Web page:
How to chew the Eucharist?

What is the proper way to receive and consume the Eucharist?

Is kneeling optional or highly encouraged?

By the hand or the tongue?

Is there a canon law regarding the proper way to receive or chew the body of Christ?

The norm for the Church is kneeling and on the tongue. For the Diocese’ that have the option of standing and in the hand, the preferred is still kneeling and on the tongue, and so it is something that is optional (in those places) but still highly encouraged.

There are no canon laws regarding chewing. Our lord did say in Capernaum that “unless you gnaw on the flesh of the Son of Man and drink His blood, you have no life within you…” however, this was Him repeating Himself in front of the already scandalised Jews, except this time with stronger language.

On His first mention He said (in the greek text) the word phago, “eating.” on this occasion He used the word trogo, “gnawing”, like an animal gnawing prey. Our Lord used this much stronger word so that nobody would misinterpret Him, that He really does want to give His real flesh to be real food.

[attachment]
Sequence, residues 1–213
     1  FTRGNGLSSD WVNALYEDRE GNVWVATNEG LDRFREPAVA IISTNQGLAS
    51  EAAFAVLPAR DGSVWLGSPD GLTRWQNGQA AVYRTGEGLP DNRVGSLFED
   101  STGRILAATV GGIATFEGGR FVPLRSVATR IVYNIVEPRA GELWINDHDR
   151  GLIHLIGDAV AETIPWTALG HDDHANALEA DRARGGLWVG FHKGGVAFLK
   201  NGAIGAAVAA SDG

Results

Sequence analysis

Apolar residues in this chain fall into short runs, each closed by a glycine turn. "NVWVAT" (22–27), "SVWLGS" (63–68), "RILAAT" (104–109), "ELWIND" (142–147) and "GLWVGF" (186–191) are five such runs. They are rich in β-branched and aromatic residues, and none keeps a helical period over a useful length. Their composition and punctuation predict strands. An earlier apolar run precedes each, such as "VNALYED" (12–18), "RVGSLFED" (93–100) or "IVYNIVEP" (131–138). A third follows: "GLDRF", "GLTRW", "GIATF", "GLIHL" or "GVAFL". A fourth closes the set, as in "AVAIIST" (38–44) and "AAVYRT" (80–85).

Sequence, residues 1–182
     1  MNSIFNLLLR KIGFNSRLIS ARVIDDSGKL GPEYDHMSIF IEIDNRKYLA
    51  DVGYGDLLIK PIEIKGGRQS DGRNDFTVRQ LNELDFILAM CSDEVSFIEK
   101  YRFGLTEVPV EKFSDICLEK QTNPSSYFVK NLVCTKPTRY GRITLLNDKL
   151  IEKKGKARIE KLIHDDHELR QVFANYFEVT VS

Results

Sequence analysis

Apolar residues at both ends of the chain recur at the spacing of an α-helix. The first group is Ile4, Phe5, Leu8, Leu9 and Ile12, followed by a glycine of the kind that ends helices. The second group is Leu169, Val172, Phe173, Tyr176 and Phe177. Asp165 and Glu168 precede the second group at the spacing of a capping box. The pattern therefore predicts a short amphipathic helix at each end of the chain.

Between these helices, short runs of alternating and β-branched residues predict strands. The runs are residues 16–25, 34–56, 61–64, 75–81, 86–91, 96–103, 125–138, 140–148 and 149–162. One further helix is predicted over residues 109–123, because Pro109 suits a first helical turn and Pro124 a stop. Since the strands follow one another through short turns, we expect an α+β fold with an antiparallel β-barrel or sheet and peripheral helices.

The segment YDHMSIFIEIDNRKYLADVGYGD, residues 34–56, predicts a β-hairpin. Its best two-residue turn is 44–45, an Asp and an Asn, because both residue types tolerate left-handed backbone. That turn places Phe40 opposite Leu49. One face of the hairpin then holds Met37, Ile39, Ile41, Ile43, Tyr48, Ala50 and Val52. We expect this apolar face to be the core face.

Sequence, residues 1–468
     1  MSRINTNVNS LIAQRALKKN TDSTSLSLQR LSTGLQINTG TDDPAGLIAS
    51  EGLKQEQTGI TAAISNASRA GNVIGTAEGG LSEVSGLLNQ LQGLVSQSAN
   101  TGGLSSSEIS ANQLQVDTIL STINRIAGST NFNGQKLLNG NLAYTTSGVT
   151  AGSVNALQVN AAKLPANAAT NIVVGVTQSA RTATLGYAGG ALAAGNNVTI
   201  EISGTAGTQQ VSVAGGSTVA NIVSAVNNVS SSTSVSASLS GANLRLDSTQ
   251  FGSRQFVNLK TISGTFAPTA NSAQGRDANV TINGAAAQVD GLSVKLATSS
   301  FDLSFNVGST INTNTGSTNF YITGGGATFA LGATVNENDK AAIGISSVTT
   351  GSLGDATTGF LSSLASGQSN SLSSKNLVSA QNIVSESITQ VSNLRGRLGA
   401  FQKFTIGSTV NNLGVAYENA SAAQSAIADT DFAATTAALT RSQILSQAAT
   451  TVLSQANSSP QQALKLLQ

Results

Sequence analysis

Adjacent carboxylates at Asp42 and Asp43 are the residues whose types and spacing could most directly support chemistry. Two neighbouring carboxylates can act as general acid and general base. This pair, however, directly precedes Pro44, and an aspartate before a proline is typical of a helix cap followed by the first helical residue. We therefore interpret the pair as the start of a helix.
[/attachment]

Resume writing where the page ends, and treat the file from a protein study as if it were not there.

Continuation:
It is a hyperbole, we aren’t meant to consume the Host like a pack of aggressive, starving, wild animals. So although there are no rules for chewing, you are better simply allowing it to soften and dissolve slightly on your tongue until you are able to swallow it. It avoids any possibility of the Eucharist being stuck in your teeth or particles coming out of your mouth while talking and is miles more reverent, all for the sake of holding it in your mouth for a few seconds longer. Some take this time to adore Him interiorly in this mind blowing moment, where we really do become living tabernacles.

I hope this helps, may God bless you.

As to the posture, it depends where you are, what ritual Church and rite it is, and if the Roman rite, which form of the Mass. I can only speak for the Roman rite of the Latin Church (not for the Byzantines, Maronites, etc.).

In the Latin Church, receiving on the tongue and kneeling generally go together, as do receiving on the hand and standing, so I’ll treat those as one question.

The U.S. and some other countries have a special permission to receive in the hand / standing at ordinary-form Masses, and it has become, de facto, the norm in these places. In places that still observe the universal norm of receiving kneeling on the tongue, including traditional Latin Masses in the U.S. or anywhere else, this custom should be observed.

As to the method of digesting the sacred host, I do not think there is any law about this, but there is good conventional wisdom in letting the host dissolve on the tongue and swallowing rather than chewing, so as to avoid leaving particles behind in the teeth.